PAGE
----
Students approach me every year with the above sentiment. I imagine there are many more who ask the same question, then give themselves the discouraging answer: “I can’t do anything with a history major, so I guess I’ll just major in ____.” I understand this reasoning. In fact, I had a similar conversation with myself in 1984 when I started college. I only became a history major in my junior year (after I had first majored in biology, then psychology, then religion). I have not once regretted my decision to major in history since I made that switch over a decade ago. I have also learned that the answer to the big question, “What can I do when I graduate?” is: anything you want to do!
Let’s face it, there are people who do not enjoy the study of history. Personally, I don’t understand them, but I accept that this is the case. But there are also those who either come to college with a great love and appreciation of history, or become inspired in that first world civilization class (it happens) and start thinking they would like to devote a large part of their education to the discipline. There is, nevertheless, always someone (friend, family member, legislator) who says: “It’s okay to like history; just don’t major in it, because you’ll never get a job.” Therefore, I am writing this to provide another point of view: it’s great to major in history. Below is just a sampling of the opportunities available to history majors after graduation.
|The McMurry University history program provided me a well-rounded education among other experiences that prepared me for my current career. During my time at McMurry, I not only worked at the Buffalo Gap Historic Village and contributed to publications, but interacted with prominent historians visiting our campus and toured historical sites across the South. To this day, my association with the history program creates professional opportunities not available to my colleagues that graduated from other institutions.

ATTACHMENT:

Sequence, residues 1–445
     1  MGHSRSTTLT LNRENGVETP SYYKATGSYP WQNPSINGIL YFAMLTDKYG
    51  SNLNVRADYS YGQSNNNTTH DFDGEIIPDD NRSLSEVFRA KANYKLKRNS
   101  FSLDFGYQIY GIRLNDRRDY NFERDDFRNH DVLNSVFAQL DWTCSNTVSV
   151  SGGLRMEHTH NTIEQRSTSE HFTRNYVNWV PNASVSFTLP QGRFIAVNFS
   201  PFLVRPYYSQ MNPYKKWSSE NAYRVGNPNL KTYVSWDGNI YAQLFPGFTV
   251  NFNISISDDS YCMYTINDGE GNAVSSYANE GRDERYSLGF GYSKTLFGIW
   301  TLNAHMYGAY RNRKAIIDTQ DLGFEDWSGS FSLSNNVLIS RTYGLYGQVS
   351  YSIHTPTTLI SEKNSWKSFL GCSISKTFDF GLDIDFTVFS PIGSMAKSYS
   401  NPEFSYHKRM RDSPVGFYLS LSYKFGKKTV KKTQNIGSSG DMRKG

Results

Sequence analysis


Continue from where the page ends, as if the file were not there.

Charles D. Grear, San Antonio
Class of 1999
This, of course, is the route that I took. But to teach at the collegiate level these days, one has to complete a doctorate in history. Personally, I recommend it, but many people would prefer to teach at the secondary level. For those of you who have this goal, what can I say? You are some of the most important people in our society. You will help to shape young minds in some of the most crucial years of adolescence, and for that, I commend you and thank you. History, of course, is a terrific major for those seeking employment as a secondary teacher.
But I don’t want to teach...
I understand; and, frankly, we don’t want you to teach unless you have a burning desire to do so. But history is still a great major for you as well. The opportunities are limitless. For instance:
Applications to law schools across the country have skyrocketed in the last couple of decades, and it certainly is a competitive career to pursue. History is an excellent major for undergraduates who plan that route. Knowledge of history is assumed in law school. One cannot grasp the legal system without a firm historical base, so history majors have a solid preparation for legal study.
Public history and historic preservation